More Roberta Flack

xxxxx

  • An outstanding copy, with Shootout Winning Triple Plus (A+++) grades throughout, making this the best copy to hit the site in many years!
  • There’s Tubey Magic, sweetness and spaciousness all over this recording – when it all comes together on Where Is The Love, you won’t believe how good it sounds
  • One of our favorite duet albums, Flack and the woefully underrated Soul Man Donny Hathaway are in top form here
  • Allmusic raves: “A duet classic, and perhaps the most popular album Roberta Flack made. ‘Where Is the Love’ dominated urban contemporary radio for almost the entire year, while ‘You’ve Got a Friend’ was just as influential…”

These soulful duets sound wonderful. The best sides are big, bold, open and transparent with a huge three-dimensional soundfield, strong presence, good rhythmic energy, and wonderfully dynamic leads and choruses. (more…)

The Young Rascals – Groovin’

More Breakthrough Pressing Discoveries

  • Both sides of this Blue and Green Atlantic stereo pressing are rich and smooth, with vocal presence that will bring the Young Rascals’ pop music to life in your very own listening
  • We stumbled upon the right stampers a few years back purely by chance,
  • Which of course is the only way to do it, as Peter Lynch well knows
  • The right original label is far more likely to have bad sound than good, and the later labels are uniformly awful
  • Good luck finding a quiet copy with good sound – we gave up!

Atlantic pressings are all over the map. When you find a good one, you can be pretty sure it’s the exception, not the rule. That’s been our experience anyway.  (more…)

AC/DC – For Those About To Rock

More AC/DC

xxxxx

  • Once again Robert Ludwig delivers the Rock and Roll Power – incredibly big, bold and full-bodied with a massive bottom end
  • For Those About To Rock has wall to wall sound and in-the-room presence like you will not believe
  • “AC/DC are the real thing, perhaps the purest major practitioners of hot and snotty rock since Led Zeppelin lumbered off the boards. Other groups, from Van Halen to REO Speedwagon, may base their music on similar elements, but they inevitably emerge from the studio sounding cleaned up and rather too eager for AOR airplay. AC/DC, from the start, have always left the rough edges in. The rough edges are the point, much as they were part of the point of, say, Little Richard in the Fifties or the Rolling Stones in the mid-Sixties.” – Rolling Stone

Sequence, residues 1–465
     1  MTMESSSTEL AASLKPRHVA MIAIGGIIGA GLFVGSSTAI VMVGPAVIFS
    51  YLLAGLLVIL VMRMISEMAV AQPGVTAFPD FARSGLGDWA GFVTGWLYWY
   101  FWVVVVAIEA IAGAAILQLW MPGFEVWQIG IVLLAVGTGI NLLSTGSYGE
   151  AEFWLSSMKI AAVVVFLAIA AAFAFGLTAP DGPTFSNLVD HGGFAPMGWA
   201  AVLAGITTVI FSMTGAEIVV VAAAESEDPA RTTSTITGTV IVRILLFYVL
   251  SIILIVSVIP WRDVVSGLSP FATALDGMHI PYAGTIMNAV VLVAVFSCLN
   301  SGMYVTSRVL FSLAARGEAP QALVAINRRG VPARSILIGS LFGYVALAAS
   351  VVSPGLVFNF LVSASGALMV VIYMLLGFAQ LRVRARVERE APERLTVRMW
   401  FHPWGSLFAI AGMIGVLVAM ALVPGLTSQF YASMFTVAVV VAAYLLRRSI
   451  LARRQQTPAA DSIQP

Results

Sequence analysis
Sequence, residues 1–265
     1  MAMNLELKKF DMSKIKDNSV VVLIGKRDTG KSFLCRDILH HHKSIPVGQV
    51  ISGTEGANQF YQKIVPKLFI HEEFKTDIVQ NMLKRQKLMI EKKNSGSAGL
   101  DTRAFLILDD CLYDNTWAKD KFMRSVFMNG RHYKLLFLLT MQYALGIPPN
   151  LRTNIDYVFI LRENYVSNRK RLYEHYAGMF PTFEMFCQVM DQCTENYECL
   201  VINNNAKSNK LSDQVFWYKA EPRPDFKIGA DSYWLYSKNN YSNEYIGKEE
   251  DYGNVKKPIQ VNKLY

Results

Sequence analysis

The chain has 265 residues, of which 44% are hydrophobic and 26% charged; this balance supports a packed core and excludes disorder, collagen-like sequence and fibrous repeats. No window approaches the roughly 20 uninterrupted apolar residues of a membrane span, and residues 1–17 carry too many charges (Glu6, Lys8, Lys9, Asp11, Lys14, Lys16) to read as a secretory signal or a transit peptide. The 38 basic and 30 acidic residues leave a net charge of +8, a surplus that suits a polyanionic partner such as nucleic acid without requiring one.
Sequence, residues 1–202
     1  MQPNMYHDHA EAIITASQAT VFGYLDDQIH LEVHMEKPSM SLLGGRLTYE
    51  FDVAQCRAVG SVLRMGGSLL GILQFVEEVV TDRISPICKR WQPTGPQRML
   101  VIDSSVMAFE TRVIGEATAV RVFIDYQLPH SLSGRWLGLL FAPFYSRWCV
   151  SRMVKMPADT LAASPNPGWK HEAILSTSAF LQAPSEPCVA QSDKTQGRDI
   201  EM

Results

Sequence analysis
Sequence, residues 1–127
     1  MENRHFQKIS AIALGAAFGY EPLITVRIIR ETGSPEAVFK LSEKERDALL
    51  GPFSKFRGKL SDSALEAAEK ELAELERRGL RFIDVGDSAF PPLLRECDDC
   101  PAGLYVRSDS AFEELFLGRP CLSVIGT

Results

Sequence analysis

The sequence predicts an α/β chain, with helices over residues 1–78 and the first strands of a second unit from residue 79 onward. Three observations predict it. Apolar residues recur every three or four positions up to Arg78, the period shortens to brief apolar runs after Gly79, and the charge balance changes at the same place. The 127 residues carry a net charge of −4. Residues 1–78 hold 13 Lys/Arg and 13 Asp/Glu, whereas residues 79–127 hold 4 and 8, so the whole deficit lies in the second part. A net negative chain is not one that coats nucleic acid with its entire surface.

From the moment the title track began, we knew we were in for a real treat. The transparency and clarity are shocking — we heard texture on the guitars and room around the drums that simply weren’t to be found elsewhere, plus tons of echo and ambience. The vocals simply could not be any better — they’re breathy and full-bodied with loads of texture.

The bottom end is Right On The Money — big, beefy, and rock-solid.

You probably never thought you’d ever use an AC/DC LP as a Demo Disc, but this copy will have you reconsidering that notion — it’s ALIVE with Rock and Roll Power Chords like nothing you have ever heard. (more…)

Buffalo Springfield / Retrospective – Listening in Depth

More Buffalo Springfield

Presenting another entry in our extensive Listening in Depth series, with advice on what to listen for as you critically evaluate your copy of Retrospective.

Here are some albums on our site you can buy with similar Track by Track breakdowns.

Extracting all the midrange magic from a legendary album and Desert Island Disc like this should be the goal of every right-thinking audiophile.

Who cares what’s on the TAS Super Disc List? I want to play the music that I love, not because it sounds good, but because I love it.

And if the only way to find good-sounding clean copies of typically poorly-mastered, beat-to-death records like this is to go through a big pile of them, well then, I guess that’s what we will have to do.

We’ve never heard a copy of this album that truly qualifies as a Demo Disc, but some of the songs can sound superb — Kind Woman and I Am A Child come immediately to mind. The recording, like so many from the ’60s, may not be perfect, but it’s so full of midrange magic, ambience and sweetness that the musical values of the recording are communicated effortlessly and completely — assuming you have a good copy.

TRACK LISTING

Side One

For What It’s Worth

Almost all copies have surface noise issues at the start of this song.